Mold Inspection & Testing. What to know before you have work performed.
When purchasing a property, for due diligence a home inspection is meant to uncover defects or areas in need of repair, a mold inspection however, is performed to evaluate for mold, either the entire dwelling or an area of concern such as a basements, crawl spaces, attics, living rooms, etc.
Everyone thinks that they are a mold expert and, in truth, few people know tons about mold. Since most states don’t have licensing for mold inspections, it is simple for someone to proclaim themselves as an expert and do mold related work such as testing and remediations.
Some of these so called "proclaimed mold experts" provide mold testing and once the testing is complete the samples are sent or delivered to a laboratory. The laboratory tests the sample for mold spore types and provides multiple pages of the test results with filler material consisting of an explanation of different types of mold. The lab may also use colors to point out mold levels that the lab (not the mold expert) are saying are of concern. This lab data is typically the complete report that the "mold expert" provides.
Example of a Mold Report. No analyzation.
We see this on 90% of the mold reports we are provided to peer review or to provide an estimate for remediation. The problem is the mold expert provides no narrative of what they saw, why they tested, condition of the room, photos of the area or of the area sampled and lastly and really most important what the test results mean.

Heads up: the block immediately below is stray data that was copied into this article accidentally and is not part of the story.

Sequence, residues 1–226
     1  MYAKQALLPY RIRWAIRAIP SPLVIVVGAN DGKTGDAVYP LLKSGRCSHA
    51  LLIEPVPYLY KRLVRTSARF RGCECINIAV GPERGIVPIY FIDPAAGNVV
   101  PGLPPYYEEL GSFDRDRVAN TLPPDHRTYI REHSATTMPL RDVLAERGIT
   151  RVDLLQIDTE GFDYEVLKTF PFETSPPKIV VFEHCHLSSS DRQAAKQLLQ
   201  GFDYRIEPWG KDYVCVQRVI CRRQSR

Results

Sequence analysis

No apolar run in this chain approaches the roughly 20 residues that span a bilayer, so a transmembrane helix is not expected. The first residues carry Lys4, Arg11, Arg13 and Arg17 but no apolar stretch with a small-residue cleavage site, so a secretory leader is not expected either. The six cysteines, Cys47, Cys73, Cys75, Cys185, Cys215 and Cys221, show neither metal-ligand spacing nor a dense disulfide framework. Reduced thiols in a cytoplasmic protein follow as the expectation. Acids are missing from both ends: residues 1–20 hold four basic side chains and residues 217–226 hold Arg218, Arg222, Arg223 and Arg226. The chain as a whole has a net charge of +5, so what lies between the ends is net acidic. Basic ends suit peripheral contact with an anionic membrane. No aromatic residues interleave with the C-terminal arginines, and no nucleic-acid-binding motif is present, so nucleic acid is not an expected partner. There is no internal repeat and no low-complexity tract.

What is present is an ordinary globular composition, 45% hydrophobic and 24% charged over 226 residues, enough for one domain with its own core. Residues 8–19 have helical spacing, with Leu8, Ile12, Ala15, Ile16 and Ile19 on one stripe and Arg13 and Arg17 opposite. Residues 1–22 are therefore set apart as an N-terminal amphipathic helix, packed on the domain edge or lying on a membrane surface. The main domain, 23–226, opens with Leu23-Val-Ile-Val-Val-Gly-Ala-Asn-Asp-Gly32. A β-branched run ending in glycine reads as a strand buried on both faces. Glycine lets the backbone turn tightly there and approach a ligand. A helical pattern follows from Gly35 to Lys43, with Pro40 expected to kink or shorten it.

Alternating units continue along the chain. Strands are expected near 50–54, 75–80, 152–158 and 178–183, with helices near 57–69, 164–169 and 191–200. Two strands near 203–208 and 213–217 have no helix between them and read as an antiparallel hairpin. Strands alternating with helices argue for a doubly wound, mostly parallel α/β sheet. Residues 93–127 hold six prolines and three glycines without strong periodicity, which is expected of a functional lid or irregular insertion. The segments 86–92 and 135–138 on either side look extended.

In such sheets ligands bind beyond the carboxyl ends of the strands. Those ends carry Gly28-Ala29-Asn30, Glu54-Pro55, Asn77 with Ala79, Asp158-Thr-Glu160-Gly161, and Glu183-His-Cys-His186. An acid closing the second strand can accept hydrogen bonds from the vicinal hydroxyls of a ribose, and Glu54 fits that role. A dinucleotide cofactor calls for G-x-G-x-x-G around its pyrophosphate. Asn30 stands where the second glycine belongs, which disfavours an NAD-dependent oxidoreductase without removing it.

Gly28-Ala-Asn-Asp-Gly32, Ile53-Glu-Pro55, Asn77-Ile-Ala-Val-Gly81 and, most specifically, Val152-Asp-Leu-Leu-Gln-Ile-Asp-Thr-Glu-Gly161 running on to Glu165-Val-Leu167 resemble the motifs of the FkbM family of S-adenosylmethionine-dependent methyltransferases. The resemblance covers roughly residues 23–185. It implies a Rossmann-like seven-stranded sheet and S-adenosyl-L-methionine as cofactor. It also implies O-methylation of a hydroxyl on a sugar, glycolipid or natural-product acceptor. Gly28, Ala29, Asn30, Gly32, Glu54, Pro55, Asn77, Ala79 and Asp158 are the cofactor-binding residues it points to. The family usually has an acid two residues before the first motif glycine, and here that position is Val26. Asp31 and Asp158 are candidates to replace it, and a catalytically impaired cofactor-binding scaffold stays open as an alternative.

The by product of a these type of mold inspections gives you a very vague document, which many "mold experts" have told me they do on purpose. These people don’t want to give a lot of detail and then be held responsible if its incorrect. In all actuality, you pay for a professional opinion, but do not get one.
You get what you pay for and the quality of work is directly related to the skill set of the inspector, which we have found can have varying degrees of quality.
Lets be clear, you want a mold inspection because?
Clear project objectives are important from the start of any investigation.
Where a home inspection is meant to uncover defects or areas in need of repair, a mold inspection is performed to evaluate for mold, either an entire dwelling or a specific location.
When evaluating for mold be it visual, or by laboratory analysis, explanation of observations (what was found), if mold was visually detected (why was mold present?) and when testing is performed what would be an acceptable or unacceptable results?
Example of Photographing sampling area.
Case in point when you have a discolored area say on a wall and/or ceiling, that you suspect is mold you can test the area to confirm if it is or is not mold. Surface sampling is performed by either "tape" sampling or taking a "swab" of the area. This sample goes to a lab where they look at it under a high powered microscope to see if mold spores are present. This is typically a pass fail test, either you Got Mold or you don’t.
But you also need to know the following:
- Why is mold growing?
- Was the cause of the mold growth fixed or is it still active?
- What will it take to remediate the mold?